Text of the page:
[Tin House Books; 2018]

Samantha Hunt wrote The Seas in 2004. It’s always a slight shock whenever this fact comes to mind while reading the book, which feels so 2018 (which is to say, it feels so 2016, the year zero of our current political situation) that it’s hard to imagine that anyone could have anticipated the gradual and severe bleakening of the world that would occur from so far out and with such precision. Yet, The Seas does just that, telling a story of grief, abandonment, and catastrophe overlain with a seasick kind of futurism, one that looks ahead to disaster rather than progress.

The Seas, ostensibly a love story, tells the story of a young girl who believes she is a mermaid. No one else believes this, and it’s up to the reader to decide whether they do. She spends her time working with other women at a hotel (called “The Seas”), working at an all-female sardine packing factory, helping her grandfather compile a dictionary, and obsessing over an older man, Jude. Jude is twice her age, a sailor, a veteran, and resembles, variously, her father and a seahorse. He has at one point attempted to cut gills into his torso so that he will not drown when the ice caps melt. It’s no real spoiler to say that it doesn’t help.

One of the main achievements of the book is to invest this love story—which, from first glance, is an uneasy one—with an even heavier and more intense anxiety. The narrator’s obsession with Jude is odd beyond even its superficial characteristics, and is never phrased in terms of physical desire of a human for another human. When she first sees Jude (falling in love with him before he even introduces himself) she thinks that he is her lost father; before thinking this, she thinks he looks like a seahorse. After this moment of love-at-first-misperception, her phrasings of desire are articulated as anything but human-to-human sex. The two comparisons that led to her love, after all, are not canonically fuck-able. The narrator does or imagines doing a diverse array of things to Jude instead of sex:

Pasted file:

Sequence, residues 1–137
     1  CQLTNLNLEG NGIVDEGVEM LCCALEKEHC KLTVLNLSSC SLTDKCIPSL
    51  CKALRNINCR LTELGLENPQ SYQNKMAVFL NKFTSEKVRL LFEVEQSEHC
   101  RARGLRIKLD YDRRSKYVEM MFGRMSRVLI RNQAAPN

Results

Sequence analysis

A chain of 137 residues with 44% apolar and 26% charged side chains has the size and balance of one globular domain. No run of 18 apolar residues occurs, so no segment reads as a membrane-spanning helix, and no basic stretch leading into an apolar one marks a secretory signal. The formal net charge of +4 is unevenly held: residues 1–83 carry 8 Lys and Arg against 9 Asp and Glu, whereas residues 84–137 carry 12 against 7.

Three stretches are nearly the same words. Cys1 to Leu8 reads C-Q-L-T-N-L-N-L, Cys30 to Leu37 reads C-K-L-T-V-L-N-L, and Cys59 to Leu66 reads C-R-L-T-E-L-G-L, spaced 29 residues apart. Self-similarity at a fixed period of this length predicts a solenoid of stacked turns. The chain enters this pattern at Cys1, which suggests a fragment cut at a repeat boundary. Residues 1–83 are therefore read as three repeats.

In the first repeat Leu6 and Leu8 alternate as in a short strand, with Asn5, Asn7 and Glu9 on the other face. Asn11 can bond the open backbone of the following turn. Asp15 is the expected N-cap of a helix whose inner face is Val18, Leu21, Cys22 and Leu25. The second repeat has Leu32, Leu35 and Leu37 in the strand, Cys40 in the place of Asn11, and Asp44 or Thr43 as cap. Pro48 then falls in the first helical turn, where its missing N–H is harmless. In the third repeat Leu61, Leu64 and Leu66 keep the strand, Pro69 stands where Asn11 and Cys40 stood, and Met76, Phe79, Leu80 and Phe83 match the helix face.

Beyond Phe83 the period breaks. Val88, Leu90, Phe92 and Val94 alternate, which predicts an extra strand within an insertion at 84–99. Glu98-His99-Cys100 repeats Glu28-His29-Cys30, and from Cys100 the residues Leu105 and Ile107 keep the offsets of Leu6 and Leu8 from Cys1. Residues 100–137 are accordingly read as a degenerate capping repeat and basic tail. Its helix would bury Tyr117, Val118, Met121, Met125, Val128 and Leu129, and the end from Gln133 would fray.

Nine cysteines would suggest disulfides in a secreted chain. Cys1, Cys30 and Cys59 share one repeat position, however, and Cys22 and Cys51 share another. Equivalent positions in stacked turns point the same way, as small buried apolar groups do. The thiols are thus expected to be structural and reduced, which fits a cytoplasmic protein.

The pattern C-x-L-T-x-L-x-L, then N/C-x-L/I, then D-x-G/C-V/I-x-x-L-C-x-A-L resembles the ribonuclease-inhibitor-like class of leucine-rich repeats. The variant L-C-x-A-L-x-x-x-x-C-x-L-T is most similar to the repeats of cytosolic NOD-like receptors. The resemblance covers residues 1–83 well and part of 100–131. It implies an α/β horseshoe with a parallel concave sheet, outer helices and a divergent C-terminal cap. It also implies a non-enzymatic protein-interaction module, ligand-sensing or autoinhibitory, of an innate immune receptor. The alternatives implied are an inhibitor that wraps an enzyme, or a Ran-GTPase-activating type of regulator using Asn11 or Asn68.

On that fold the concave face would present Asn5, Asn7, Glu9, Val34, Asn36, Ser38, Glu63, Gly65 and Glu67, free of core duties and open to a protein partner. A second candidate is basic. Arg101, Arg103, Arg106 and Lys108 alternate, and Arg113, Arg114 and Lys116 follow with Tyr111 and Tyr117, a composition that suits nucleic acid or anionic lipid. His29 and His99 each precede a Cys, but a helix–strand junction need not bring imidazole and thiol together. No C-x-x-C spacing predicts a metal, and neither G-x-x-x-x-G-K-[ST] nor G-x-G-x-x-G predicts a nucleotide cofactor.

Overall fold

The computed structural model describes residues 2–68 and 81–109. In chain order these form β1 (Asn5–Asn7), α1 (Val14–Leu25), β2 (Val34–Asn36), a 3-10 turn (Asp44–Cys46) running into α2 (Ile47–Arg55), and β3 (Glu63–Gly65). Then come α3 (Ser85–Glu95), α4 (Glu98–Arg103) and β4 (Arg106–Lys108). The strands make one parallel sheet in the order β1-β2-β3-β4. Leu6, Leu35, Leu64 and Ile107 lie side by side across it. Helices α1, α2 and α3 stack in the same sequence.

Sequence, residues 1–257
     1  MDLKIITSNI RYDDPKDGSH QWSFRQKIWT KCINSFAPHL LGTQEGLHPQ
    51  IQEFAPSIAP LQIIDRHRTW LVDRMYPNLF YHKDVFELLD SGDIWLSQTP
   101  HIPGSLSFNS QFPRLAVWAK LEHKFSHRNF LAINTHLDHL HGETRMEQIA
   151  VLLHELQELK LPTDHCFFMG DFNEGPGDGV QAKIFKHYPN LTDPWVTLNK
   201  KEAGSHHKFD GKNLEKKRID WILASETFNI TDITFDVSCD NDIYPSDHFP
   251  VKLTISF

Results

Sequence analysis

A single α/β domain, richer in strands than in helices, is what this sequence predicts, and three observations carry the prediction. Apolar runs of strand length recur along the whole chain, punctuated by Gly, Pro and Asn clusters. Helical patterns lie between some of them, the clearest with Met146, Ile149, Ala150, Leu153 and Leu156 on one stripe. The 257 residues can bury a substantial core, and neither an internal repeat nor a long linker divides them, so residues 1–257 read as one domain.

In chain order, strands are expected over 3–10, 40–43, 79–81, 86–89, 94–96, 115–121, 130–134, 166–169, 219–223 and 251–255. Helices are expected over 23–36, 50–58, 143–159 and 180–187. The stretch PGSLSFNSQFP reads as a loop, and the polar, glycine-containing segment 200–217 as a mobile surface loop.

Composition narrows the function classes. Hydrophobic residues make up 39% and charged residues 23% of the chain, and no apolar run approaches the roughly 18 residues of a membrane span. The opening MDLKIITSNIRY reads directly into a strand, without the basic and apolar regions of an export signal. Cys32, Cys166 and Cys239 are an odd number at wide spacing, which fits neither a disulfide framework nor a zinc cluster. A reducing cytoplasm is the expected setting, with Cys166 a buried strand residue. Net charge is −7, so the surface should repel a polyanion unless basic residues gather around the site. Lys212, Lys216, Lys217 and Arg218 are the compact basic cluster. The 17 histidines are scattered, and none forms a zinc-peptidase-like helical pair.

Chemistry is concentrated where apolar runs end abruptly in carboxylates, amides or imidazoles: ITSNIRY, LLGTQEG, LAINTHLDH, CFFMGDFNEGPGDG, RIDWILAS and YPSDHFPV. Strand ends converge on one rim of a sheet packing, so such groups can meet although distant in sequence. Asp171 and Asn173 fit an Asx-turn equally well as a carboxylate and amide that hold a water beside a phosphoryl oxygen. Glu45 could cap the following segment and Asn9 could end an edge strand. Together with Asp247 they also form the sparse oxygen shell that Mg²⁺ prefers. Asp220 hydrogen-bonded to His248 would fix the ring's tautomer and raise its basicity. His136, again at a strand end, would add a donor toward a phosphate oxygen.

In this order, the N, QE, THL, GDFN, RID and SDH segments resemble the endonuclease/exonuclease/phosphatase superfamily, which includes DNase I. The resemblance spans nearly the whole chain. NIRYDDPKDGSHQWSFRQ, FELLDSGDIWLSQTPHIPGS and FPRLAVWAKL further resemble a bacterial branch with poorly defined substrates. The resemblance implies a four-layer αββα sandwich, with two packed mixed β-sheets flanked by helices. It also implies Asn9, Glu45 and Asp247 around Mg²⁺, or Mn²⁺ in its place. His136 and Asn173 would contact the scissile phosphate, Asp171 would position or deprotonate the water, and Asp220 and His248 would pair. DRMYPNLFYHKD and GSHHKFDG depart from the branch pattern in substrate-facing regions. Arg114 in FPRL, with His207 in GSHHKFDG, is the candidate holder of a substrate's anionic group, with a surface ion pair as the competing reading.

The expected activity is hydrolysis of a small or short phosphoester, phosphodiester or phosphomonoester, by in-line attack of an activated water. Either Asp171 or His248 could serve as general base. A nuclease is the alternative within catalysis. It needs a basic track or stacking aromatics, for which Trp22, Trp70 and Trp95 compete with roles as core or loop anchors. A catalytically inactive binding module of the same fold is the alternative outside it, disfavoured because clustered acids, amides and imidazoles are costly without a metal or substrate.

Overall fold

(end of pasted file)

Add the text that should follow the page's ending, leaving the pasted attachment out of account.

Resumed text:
• “cut a strip from [Jude’s] upper arm and eat it.”
  • “slip down Jude’s wrong pipe and fill his lungs, lovingly washing away every breath he takes”
  • “I want Jude so badly I imagine giving birth to him”
  • “Put [a sardine] in the front pocket of my apron. . . grind against the conveyor belt, pretending the sardine is Jude”
  • Drink him off a dirty floor

This is not to say that no physical sex occurs in this book. The narrator is intimate with a wall, and Jude describes having sex with a landmine.

Feminist thinker and professor Donna Haraway has written extensively about humans and the apocalypse, or of an age of apocalyptic-scale changes, which she sometimes characterizes as the “Chthulucene”, a reference to the Lovecraftian monster whose appearance inevitably heralds a gruesome and apocalyptic end. An attribute of this era is the intimate linking of human and non-human life, which Haraway discusses in her book Staying with the Trouble: Making Kin in the Chthulucene. All species and things face ecological collapse together, in a “multispecies muddle”. This sense of an ending blurs the barriers delineating humanity from all else. This definition creates a sense of possibility as well as one of acute terror. While the scope of emotional intimacy for a human individual is radically broadened, this occurs in the same way that it would between heretofore silent passengers in the cabin of a plane that is falling from the sky, a condition slightly precedent to mortal disaster. In this situation, relationships of kinship arise across the boundaries of animacy and species, and are no less intimate for having crossed them, even sexually so.

The Seas constantly blurs and crosses these boundaries. The narrator believes that she is a mermaid, a creature that is both emphatically non-human and opposed to humans in general – she is often reminded that, as a mermaid, she must kill her sailor. Hunt constantly produces other striking instances of this breaking-down of boundaries. The narrator either imagines or enacts her love for Jude by drinking him off the floor. Jude asks the narrator if she’d like to see a baby, then takes her to see a newborn sea urchin. A boy calling out “I’m [a] tree” over and over again asks the narrator, hilariously, if she loves ice cream. When she says yes, he asks her why she doesn’t marry it. The question is not rhetorical.